“I see your scout has not been to clean up,” she commented. And Sally explained that she came later in the morning, to allow her to sleep in until ten o’clock.

“I have a letter from my godmother,” went on the princess. “She says I must use this card and a secret code to obtain money. Do you understand this thing?” and she showed her a black plastic bank card.

“Sure,” said Sally. “You stick it in the hole in the wall.” And when Talia looked baffled, she offered to come with her to the bank and show her how to use it.

As they stepped out of the college, a bicycle shot by.

“Woh!” said Talia, quite alarmed.

“I know. They aren’t supposed to ride on this street,” said Sally.     “Look, a policeman is stopping him.” The narrow street was busy, as always, with people walking up and down, their footsteps and conversations echoing around the ancient stones. At the end they turned onto the shopping street with its rumbling of traffic. Talia tugged on Sally’s sleeve.

“I can’t go on,” she said. “This quest is too frightening for me,” and she turned back to the college. Sally wondered if the princess was suffering from something like agoraphobia.

Later in the Junior Common Room, a small group of students were discussing the subject of Princess Talia, not for the first time, while lounging with cups of cocoa.

“She’s just putting on an act to seek attention,” said Jennie, who was a scraggy English Lit. student. Matt, on whose shoulder Jennie was resting her head, asked: “She’s princess of where did you say?”          But nobody knew where Talia was from. Jennie suggested:                 “In all probability she’s from Essex.”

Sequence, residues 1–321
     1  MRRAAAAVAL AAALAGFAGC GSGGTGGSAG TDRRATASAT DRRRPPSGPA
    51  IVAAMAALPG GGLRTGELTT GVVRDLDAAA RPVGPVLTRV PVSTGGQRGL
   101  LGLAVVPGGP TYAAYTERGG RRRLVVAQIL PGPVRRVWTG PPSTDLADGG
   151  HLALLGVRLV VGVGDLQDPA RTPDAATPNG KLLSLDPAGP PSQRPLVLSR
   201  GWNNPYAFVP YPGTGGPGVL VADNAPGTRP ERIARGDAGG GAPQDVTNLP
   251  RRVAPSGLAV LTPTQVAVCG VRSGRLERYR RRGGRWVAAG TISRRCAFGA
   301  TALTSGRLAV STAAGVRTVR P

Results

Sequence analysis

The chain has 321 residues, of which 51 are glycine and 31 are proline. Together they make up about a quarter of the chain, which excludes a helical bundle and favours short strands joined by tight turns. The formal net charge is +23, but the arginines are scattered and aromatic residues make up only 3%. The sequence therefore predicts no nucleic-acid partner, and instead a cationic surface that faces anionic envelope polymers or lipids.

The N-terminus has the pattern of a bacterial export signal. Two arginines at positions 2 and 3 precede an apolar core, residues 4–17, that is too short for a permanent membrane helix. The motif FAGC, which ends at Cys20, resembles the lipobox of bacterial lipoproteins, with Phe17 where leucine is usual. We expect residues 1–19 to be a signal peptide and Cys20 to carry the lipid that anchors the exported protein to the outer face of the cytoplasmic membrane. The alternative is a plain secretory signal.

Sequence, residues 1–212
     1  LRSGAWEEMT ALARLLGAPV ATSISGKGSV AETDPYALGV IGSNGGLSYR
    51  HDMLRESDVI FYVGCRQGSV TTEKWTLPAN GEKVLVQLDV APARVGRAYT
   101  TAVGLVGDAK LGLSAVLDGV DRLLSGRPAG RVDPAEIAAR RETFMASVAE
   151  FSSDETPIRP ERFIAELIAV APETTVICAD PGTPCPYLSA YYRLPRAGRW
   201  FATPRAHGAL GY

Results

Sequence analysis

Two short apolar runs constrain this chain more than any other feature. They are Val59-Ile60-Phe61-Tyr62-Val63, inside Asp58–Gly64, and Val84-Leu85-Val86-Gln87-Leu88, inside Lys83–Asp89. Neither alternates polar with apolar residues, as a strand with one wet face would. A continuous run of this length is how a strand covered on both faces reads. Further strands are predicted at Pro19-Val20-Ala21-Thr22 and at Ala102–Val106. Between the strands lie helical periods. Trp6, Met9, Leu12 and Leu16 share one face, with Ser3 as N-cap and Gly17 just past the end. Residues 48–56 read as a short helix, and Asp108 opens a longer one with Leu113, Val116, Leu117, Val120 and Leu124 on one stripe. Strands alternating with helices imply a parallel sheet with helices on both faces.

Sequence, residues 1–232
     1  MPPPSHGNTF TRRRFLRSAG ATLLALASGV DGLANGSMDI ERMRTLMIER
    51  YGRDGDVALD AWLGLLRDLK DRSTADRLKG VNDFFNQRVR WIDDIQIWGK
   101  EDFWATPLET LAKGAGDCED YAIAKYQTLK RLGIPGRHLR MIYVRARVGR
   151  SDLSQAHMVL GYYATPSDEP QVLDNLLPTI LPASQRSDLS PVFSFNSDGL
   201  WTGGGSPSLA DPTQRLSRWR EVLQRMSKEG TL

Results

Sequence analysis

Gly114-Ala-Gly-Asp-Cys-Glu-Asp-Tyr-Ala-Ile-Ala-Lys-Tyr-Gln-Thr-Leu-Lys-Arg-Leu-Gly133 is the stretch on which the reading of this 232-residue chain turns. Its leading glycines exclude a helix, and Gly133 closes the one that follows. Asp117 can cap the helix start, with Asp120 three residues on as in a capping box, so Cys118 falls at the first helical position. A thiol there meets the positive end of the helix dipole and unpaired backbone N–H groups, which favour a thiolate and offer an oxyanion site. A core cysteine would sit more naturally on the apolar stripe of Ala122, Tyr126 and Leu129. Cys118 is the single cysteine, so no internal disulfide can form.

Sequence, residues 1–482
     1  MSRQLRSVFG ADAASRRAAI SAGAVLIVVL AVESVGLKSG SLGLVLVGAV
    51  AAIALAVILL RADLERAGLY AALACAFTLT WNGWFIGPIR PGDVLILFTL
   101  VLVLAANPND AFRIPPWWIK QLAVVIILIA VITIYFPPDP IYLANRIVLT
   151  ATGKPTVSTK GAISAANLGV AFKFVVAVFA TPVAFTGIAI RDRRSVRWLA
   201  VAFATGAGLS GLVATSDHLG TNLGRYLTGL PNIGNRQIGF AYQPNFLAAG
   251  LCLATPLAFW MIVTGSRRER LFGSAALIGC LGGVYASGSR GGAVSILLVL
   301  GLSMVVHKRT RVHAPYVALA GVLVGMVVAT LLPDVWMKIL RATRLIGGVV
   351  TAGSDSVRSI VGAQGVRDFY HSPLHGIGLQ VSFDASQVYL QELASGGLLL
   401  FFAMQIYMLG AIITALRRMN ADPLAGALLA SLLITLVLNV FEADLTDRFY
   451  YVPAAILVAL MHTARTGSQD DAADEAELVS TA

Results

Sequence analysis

They did not realise that Princess Talia was in the room and had overheard their conversation.

“No, I am not from Essex,” she said as she loomed over them, richly dressed and bejewelled as usual. “I am from Wessex.”

“Oh you’re a Wessex girl,” said Matt.

“I would thank you not to be so rude to your betters,” replied the princess. “And do not gossip about me, if you do not wish your tongue to be cut out.”

“Is she for real?” asked Jennie when Talia was gone.

“I’m afraid she is,” said Matt.

Princess Talia needed money to buy food, because she couldn’t stand the stuff they served up in the hall, but she was still terrified of stepping outside onto the street. Finally, she resolved her dilemma by entrusting her black bank card and her secret number to Sally, who withdrew £50 from the machine, and then visited the covered market to buy walnut bread, pheasant pâté, Roquefort cheese, fresh plums, apricots, and other delicacies. She presented the basket of food, and the remaining money, in the form of a handful of coins and some smoothly rolled banknotes, to Talia. The princess examined the notes with great curiosity.